The 2015 Yankees bullpen could be the ultimate realization of what Tony La Russa unleashed on the game when he got serious about specializing bullpen roles with the Athletics. Bullpens have become more and more specialized over the last quarter century and teams increasingly value those roles. Many quality arms are now funneled towards the back end of a bullpen, which would have been unthinkable a quarter century ago. Bullpens have steadily evolved in modern baseball and at some point some team was going to go out and build an elite bullpen despite holes elsewhere. The 2015 Yankees could be that team.

I remain skeptical that Chapman makes a big difference for the Yankees because I tend to be old-fashioned with my bullpen views. I think they tend to be overrated in today's game. Basically, my argument is an age-old one: just how much more valuable is one inning near the end of a game than the six or so from a starting pitcher? Especially when a team is adding a third elite reliever like Chapman? Essentially the Yankees purchased an upgrade for the seventh inning. Theoretically they are now set up to "shorten" games down to six innings with Chapman's acquisition.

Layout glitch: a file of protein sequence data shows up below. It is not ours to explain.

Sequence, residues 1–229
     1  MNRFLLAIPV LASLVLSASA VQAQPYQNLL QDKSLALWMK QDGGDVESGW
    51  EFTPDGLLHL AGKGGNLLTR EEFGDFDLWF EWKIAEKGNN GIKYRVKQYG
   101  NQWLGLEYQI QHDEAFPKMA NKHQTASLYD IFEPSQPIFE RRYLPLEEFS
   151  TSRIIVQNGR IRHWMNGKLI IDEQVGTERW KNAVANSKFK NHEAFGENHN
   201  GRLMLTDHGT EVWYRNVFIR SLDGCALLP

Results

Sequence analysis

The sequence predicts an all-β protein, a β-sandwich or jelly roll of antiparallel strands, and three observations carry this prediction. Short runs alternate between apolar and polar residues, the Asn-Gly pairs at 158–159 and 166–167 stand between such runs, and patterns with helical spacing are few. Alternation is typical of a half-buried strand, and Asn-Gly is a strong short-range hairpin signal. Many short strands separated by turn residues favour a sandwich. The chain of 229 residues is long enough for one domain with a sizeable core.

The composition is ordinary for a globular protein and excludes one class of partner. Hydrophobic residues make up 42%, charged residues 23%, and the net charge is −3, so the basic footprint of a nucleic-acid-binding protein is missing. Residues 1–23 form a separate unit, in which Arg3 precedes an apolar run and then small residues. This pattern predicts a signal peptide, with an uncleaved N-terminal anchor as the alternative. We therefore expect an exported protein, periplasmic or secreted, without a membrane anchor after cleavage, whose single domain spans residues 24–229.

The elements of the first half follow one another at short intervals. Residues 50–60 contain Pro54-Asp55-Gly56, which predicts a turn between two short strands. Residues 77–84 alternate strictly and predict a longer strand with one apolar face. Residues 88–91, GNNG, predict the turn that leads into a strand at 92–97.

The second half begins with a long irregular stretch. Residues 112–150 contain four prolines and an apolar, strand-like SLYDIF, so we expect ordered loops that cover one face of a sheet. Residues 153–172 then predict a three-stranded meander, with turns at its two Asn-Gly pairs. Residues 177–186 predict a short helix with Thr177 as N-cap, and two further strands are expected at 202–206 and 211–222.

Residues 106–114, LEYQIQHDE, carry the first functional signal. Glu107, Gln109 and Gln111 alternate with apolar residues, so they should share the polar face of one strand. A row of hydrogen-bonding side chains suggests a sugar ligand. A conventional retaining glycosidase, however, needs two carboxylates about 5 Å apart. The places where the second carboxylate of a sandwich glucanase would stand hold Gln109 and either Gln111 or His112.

Sabermetrics provide a tool for figuring out the value of later innings compared to earlier ones. It is called a Leverage Index, which is built upon Win Probabilities. A Win Probability is simply the odds of a team winning in the given game state at the moment. So, for instance, a team that just got the 27th out and has a lead would have a Win Probability of 100 (they just won, therefore they will win 100% of the time in that situation). The Leverage Index measures how much Win Probability fluctuates in a given situation, depending on the outcome of an at-bat. If you've ever heard the term "high leverage situation," it is referencing this statistic, and more importantly, referencing a particular moment where a game's outcome hangs in the balance.

The Hardball Times ran a study a few years ago to get a feel for average leverage by inning. Their results surprised me. The average leverage in each inning is shockingly stable, with one major exception: the bottom of the ninth inning. This data suggests that an elite closer is most valuable when trying to protect a lead on the road, but that all other situations are not all the different over the course of a season.